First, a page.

So far, one body has been found in Mexico Beach, but authorities say there is little doubt the death toll will rise.
Crews with dogs went door-to-door Saturday in Mexico Beach, pushing aside debris to get inside badly damaged structures in a second wave of searches following what they described as an initial, "hasty" search of the area. About 1,700 search and rescue personnel have checked 25,000 homes, Florida Gov. Rick Scott said.
Michael made landfall Wednesday as a Category 4 hurricane with 155 mph winds (249 kph) and heavy storm surge. The tally of lives lost across the South stood at 15, including the victim found in the rubble of Mexico Beach, where about 1,000 people live.
"Everything is time consuming," said Capt. Ignatius Carroll, of the South Florida Urban Search and Rescue task force. "You don't want to put a rush on a thorough rescue."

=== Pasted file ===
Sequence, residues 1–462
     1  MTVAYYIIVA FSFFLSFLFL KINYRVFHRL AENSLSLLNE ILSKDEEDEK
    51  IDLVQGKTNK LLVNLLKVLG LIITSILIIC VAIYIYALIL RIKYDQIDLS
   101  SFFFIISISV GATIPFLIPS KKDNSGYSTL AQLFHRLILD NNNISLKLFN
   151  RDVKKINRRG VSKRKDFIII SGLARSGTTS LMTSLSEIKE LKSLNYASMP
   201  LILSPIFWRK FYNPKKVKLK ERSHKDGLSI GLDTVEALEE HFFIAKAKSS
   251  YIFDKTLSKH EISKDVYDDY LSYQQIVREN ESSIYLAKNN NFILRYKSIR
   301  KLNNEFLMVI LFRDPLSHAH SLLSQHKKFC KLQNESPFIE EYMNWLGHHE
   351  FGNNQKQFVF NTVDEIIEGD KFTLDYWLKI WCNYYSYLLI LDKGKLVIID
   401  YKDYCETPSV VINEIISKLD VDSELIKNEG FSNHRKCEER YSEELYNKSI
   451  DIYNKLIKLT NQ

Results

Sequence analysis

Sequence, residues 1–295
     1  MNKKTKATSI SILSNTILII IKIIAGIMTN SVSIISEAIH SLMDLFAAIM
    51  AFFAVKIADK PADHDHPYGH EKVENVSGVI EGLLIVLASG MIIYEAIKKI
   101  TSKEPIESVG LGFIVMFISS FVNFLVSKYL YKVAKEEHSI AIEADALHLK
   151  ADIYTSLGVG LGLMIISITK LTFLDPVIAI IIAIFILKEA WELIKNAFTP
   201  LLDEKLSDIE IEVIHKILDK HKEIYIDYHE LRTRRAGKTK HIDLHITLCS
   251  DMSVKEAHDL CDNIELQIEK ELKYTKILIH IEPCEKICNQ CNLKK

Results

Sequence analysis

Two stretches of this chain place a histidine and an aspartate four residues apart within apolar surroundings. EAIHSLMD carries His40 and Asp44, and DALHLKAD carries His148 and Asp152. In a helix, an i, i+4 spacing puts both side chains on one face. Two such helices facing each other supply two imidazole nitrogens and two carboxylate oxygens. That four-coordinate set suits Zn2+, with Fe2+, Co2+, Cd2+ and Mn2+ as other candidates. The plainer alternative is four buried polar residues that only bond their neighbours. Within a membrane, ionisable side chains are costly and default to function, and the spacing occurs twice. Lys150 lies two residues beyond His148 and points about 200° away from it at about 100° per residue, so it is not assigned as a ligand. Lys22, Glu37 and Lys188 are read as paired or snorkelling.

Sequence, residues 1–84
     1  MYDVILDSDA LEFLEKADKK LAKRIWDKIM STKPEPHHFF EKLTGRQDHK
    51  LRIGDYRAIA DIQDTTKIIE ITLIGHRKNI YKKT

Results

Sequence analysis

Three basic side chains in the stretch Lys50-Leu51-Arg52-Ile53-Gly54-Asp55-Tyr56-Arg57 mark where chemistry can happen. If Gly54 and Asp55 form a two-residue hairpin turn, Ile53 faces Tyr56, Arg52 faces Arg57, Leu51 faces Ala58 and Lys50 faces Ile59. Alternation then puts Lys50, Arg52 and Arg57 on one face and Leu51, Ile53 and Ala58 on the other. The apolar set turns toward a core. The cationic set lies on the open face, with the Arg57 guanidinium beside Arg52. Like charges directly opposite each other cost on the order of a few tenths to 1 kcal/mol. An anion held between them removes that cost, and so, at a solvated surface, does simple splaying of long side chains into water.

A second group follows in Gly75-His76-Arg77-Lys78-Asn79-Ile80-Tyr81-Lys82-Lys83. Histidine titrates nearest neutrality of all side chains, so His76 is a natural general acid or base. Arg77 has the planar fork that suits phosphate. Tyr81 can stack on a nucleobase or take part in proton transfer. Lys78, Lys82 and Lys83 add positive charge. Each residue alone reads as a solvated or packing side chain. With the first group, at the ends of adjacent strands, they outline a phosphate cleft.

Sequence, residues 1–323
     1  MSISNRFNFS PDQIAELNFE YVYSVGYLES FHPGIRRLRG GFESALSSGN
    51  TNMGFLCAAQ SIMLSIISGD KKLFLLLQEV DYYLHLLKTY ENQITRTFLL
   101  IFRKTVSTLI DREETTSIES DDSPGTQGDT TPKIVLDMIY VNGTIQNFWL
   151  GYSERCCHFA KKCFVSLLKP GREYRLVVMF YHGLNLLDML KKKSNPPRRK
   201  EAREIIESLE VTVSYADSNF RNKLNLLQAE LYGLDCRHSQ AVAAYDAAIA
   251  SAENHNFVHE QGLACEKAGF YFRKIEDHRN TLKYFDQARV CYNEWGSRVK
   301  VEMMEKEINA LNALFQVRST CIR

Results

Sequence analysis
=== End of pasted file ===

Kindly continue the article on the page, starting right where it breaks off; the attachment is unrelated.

More roads were passable along the storm-ravaged coast as crews cleared downed trees and power lines, but traffic lights remained out and there were long lines at the few open gas stations.
About 4,000 members of Florida's national guard have been called up to deal with the storm, including 500 added on Saturday. Nearly 2,000 law-enforcement officials have been sent into the Panhandle.
Schools will stay closed indefinitely, a hospital halted operations and sent 200 patients to hospitals elsewhere in Florida and in Alabama, and more than 253,000 customers in the Panhandle remain without power.
"Everybody just needs to help each other right now," Scott said after meeting with emergency responders in the Panama City area.
"You feel sorry for people," Scott said. "They might have lost their house. They worry about their kids getting into school. You know, people don't sit and have a whole bunch of extra money in the bank just waiting for a disaster."